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Dissecting thesmallestrailsapp.com (Smallest Rails App: line 3)

In this post, I will carry on from where I left off in the previous post and continue my dissection of the smallest Rails app! This takes us onto line 3 of the code (since line 2 is empty!). Line 3 looks like this:

1 run TheSmallestRailsApp ||= Class.new(Rails::Application) {

This shows a call to Class.new which in Ruby means creating an anonymous class which inherits from the class passed into the new call.

Background for Class.new

The Class.new method signature is Class.new(super_class=Object) which means that you can specify the superclass by passing in the Class constant or if nothing is specified the default superclass will be Object.

One thing to note with this technique is that the class is unnamed or anonymous until such point that it is assigned to a constant. In the case of The Smallest Rails App the new class is assigned to the constant TheSmallestRailsApp.

One use for this would be to create a new class that inherits from another but does not have any body. A common example is when it’s necessary in a Ruby application to have a domain specific named exception available for rescue. For example:

1 SomeCustomIssue = Class.new(StandardError)

This way its possible to rescue SomeCustomIssue within the application. Using Class.new to define this custom Error class is far cleaner than using the more common class declaration syntax which would look like this:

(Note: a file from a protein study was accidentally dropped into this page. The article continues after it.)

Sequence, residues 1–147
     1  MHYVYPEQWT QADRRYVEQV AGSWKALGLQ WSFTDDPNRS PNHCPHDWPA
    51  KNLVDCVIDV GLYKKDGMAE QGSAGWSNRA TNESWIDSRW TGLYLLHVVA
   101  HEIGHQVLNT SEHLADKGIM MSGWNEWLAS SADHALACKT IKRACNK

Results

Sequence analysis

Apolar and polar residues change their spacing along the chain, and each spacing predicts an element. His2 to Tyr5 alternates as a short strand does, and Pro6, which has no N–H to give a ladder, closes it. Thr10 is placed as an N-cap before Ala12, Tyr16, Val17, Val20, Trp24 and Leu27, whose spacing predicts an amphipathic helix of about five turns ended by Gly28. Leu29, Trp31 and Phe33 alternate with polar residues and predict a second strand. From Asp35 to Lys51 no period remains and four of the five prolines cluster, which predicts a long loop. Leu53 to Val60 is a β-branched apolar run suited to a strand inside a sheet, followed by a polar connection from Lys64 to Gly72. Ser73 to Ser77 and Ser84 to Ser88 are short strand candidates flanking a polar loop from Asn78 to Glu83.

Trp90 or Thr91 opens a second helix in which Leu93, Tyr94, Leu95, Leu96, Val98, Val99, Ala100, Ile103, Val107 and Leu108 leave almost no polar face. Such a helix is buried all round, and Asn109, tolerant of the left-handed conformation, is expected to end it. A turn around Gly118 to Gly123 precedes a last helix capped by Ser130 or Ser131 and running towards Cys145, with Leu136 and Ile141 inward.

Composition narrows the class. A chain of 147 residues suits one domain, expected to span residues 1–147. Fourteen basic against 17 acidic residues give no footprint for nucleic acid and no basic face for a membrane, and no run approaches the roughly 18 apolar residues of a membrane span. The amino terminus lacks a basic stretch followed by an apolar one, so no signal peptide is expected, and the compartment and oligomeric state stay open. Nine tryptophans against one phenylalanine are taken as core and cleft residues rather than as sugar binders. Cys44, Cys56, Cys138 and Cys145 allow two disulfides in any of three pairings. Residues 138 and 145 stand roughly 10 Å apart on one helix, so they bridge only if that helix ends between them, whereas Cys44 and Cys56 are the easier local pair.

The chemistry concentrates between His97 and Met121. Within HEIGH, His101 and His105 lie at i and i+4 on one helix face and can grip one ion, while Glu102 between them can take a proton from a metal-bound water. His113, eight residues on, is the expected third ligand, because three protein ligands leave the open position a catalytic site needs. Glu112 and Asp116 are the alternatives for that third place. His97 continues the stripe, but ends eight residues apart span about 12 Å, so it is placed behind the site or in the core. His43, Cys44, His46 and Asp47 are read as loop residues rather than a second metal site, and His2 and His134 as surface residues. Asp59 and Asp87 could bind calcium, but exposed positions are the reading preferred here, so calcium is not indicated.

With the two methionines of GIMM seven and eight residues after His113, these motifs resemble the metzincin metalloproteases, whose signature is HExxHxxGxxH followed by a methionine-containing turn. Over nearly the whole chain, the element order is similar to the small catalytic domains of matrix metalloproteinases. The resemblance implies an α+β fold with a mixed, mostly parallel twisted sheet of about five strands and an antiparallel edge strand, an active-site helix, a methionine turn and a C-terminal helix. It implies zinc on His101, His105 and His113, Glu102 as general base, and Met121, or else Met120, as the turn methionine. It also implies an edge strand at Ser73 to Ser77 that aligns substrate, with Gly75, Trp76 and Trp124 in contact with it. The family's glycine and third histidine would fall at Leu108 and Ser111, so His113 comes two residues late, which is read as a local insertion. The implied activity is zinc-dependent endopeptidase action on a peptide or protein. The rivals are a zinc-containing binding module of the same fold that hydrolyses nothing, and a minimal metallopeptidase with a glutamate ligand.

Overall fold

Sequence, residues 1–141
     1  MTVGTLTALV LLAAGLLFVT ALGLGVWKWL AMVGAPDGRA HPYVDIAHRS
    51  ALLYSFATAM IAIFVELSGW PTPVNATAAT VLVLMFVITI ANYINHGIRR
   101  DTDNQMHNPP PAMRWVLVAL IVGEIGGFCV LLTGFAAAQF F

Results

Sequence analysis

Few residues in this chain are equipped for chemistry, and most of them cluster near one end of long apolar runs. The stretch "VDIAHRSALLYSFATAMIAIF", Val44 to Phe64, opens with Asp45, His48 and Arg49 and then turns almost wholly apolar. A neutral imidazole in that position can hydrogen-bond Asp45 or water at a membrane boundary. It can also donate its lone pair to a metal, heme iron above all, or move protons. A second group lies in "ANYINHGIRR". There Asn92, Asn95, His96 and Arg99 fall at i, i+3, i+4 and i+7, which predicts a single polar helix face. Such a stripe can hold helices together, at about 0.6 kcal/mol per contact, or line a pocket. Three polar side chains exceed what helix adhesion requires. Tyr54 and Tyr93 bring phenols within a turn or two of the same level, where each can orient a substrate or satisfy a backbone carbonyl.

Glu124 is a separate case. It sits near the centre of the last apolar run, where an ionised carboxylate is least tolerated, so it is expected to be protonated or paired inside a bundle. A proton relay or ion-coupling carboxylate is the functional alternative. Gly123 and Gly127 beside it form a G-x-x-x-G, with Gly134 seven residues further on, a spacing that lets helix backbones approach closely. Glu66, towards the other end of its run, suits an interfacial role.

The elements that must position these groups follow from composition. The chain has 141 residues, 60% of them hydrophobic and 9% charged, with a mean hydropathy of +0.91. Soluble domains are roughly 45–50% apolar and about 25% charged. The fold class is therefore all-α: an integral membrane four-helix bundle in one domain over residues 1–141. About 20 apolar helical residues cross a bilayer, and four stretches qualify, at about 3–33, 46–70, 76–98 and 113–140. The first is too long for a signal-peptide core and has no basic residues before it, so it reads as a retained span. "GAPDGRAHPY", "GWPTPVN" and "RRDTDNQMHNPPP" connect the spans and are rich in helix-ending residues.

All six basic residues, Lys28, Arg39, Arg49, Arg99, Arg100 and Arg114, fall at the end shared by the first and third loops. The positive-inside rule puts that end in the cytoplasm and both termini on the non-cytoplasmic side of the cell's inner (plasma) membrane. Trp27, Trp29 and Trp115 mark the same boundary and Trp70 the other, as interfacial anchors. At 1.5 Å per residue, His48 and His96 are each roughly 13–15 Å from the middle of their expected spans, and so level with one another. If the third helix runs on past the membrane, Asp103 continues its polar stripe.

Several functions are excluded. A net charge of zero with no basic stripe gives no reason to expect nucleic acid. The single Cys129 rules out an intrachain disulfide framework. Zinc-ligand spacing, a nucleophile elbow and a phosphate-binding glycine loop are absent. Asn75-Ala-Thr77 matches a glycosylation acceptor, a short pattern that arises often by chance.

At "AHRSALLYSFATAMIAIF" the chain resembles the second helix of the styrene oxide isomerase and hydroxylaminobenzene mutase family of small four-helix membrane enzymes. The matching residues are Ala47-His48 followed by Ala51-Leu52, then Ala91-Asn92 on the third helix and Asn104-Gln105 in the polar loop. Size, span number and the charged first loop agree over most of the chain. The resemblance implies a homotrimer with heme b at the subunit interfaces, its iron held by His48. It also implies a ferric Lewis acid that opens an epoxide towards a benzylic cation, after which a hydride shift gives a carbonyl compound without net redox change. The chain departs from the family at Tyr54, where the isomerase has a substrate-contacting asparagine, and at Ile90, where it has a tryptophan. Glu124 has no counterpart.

1 class SomeCustomIssue < StandardError
2 end

Class.new can also take a block of code which will can be used to define methods (using class_eval) in the new class. For more information on where developers might use Class.new check out fun with class.new and when to class.new

The run command

Working backwards we see the "run" command at the start of the line. This is part of Rack and only works if executed on the command line using the rackup command. Usually the Ruby code for a Rack application is saved in a file called config.ru (especially in a Rails app) however this is not necessary and can be saved as a ruby file (with .rb extension) too.

Another intesting thing to note is that the run command comes from the Rack Handler Module. This means that the actual call to run could also be written as this:

1 Rack::Handler::Thin.run

I happen to have the Thin gem installed so this runs fine on my machine. If you don't have Thin installed then you will probably see the error "`require': cannot load such file -- thin". This is Rack evaluating the code and trying to require thin automatically. Just install the thin gem or use a different Rack::Handler. Of course, just simply call run and Rack will use whatever handler it finds on your machine automatically. For details on how Rack does this check out the Rack source code.

One error you might come across when trying to run this Rack application in your environment is "undefined method 'append' for ActionDispatch::Routing::RouteSet". In my case it was becasue the gemset that I was using was using an earlier version of Rails (3.0.x). Switching to another gemset with Rails 3.2.x fixed this issue.

Refactorings

In the Railscast, Ryan refactors this particular line to the following:

1 class TheSmallestRailsApp < Rails::Application
2   #code in the class are on other lines so ommited here
3 end
4 
5 run TheSmallestRailsApp

Note above that I have not included the body code of the class. The above code is essentially the same as line 3 of the Smallest Rails App except expanded to 3 lines. It demonstrates that a call to Class.new creates a class that inherits from the constant passed to it (in this case Rails::Application) and that it is assigned to the constant TheSmallestRailsApp which is then run as a Rack app.

Conclusion

In line 3 we learned about Class.new, anonymous classes a little about rack applications. Next post will be about the next line of code!